People who argue for a one state solution must necessarily, he argues, fall into one of two categories, those who require the consent of both populations - Jewish and Arab - for the one state solution, and those who do not - only requiring the consent of one (or neither)of the populations.
Now if the one-state solution is based on majority consent of both populations then the whole problem of the Israel-Palestine conflict would not exist. Democratic decision making would lead to one state being produced. But short of manufacturing consent (dfficult to see how) this solution is impracticable.
For those who don't require consent and so envisage the one state-solution being imposed on the Jews of Israel, Normblog asks the following questions:
First, how could it be imposed if a reversal of the policy of the settlements could not be? Second, are the Jews to be denied their right of national self-determination while the Palestinians (assuming them to fall in with the proposed one-state solution) are granted theirs? Third, are the democratic one-state solution converts merely sponsoring in a more hand-wringing way what others put less tactfully in their rhetoric - namely, the forcible destruction of Israel?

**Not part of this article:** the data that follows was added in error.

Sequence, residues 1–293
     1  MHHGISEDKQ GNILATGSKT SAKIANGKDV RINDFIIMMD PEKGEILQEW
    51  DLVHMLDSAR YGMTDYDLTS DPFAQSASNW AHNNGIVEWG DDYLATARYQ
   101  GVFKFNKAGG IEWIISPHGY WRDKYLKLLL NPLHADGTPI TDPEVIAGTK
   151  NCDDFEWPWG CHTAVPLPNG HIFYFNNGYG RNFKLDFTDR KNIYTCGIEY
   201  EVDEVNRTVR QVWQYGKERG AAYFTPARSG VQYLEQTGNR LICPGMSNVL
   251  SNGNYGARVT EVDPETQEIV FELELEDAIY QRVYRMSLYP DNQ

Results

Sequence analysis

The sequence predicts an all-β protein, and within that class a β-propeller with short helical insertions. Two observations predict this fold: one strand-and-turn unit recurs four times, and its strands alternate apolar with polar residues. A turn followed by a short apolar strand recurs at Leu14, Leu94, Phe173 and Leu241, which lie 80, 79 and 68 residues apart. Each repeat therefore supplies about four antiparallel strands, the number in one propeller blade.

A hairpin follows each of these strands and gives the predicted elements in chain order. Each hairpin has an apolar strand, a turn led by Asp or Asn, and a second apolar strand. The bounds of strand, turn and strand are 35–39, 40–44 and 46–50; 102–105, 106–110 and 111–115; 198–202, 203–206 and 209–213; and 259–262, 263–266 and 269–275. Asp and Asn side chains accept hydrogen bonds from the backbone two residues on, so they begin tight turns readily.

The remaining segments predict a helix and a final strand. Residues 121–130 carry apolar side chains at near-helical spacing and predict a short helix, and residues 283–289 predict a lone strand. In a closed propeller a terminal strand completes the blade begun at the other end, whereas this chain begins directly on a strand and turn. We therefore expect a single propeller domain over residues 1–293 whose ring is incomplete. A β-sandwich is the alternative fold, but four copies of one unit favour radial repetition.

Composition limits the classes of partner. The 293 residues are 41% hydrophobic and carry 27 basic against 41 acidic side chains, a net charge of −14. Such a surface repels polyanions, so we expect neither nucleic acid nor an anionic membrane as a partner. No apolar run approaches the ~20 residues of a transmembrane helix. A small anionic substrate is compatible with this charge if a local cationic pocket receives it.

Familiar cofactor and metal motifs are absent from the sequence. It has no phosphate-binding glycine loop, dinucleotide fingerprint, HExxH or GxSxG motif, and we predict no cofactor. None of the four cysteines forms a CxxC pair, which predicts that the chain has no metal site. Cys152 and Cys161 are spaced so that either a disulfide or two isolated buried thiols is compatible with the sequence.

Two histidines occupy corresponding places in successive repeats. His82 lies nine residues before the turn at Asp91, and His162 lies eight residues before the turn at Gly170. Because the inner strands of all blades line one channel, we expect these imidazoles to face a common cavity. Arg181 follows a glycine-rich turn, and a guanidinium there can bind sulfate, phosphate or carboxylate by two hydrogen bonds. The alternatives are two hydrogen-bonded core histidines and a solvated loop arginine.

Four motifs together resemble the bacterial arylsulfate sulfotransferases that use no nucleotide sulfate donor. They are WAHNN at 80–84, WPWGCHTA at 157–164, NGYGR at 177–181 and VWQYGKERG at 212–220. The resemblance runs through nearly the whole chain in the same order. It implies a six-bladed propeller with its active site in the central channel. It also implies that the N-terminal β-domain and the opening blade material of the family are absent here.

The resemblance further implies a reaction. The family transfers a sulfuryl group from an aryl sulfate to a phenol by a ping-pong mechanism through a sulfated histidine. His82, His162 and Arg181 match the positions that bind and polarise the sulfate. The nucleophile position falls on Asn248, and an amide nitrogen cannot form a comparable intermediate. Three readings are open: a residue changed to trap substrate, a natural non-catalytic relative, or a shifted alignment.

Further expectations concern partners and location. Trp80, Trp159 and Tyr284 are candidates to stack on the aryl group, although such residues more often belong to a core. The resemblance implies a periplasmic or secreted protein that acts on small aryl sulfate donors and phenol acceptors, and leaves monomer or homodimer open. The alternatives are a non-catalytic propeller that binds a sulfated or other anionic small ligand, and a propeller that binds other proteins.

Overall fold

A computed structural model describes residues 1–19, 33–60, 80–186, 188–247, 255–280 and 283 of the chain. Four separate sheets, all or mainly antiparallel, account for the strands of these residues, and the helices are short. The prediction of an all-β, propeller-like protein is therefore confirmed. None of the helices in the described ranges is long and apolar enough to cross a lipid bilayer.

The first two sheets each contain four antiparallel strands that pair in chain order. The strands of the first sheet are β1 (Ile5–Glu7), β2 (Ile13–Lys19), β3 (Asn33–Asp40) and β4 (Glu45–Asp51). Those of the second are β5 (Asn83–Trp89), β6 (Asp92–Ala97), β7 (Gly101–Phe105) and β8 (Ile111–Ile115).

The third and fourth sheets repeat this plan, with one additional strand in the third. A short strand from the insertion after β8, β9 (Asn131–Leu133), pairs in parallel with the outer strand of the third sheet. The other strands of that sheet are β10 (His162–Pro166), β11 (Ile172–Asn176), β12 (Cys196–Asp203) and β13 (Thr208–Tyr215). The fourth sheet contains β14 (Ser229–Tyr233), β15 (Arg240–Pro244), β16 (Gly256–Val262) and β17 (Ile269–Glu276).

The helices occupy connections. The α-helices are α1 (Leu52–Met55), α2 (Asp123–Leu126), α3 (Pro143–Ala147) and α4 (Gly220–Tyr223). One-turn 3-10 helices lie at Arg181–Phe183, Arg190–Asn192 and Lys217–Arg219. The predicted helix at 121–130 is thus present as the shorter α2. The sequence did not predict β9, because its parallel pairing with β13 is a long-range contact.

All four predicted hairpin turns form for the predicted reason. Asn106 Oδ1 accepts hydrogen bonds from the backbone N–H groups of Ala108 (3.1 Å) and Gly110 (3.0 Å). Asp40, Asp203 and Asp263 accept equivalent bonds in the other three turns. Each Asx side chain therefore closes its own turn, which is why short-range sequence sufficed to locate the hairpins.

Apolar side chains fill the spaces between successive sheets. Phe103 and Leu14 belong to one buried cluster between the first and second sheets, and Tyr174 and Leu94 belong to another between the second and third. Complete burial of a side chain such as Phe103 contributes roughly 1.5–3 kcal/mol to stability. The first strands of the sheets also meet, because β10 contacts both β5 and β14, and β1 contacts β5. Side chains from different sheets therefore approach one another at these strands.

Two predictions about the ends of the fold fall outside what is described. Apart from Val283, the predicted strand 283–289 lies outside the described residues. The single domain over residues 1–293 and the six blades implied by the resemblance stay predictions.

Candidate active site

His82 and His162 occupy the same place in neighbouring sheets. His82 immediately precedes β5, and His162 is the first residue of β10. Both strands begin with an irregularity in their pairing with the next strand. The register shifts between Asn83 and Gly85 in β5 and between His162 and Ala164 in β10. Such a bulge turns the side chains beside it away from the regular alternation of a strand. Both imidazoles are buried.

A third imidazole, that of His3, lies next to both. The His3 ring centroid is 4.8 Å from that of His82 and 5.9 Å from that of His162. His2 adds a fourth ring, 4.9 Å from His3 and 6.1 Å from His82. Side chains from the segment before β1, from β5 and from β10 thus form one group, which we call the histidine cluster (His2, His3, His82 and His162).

It's true that Israel may be heading towards a de-facto one-state situation. The region's demography points to a future in which Jews will constitute a minority in the area controlled by Israel - something the international community are unlikely to tolerate - and given Israel's continued settlement building, there is likely to be an even greater reluctance to relinquish that territory in years to come. A one-state situation - not solution - is therefore not entirely improbable.
But there is no good reason for confusing the possibility of a one-state 'situation' with its desirability as a 'solution' - unless, of course, you like the idea of imposing a political setup characterised from the outset by a legitimacy deficit and vigorous and violent opposition. But I suspect few will...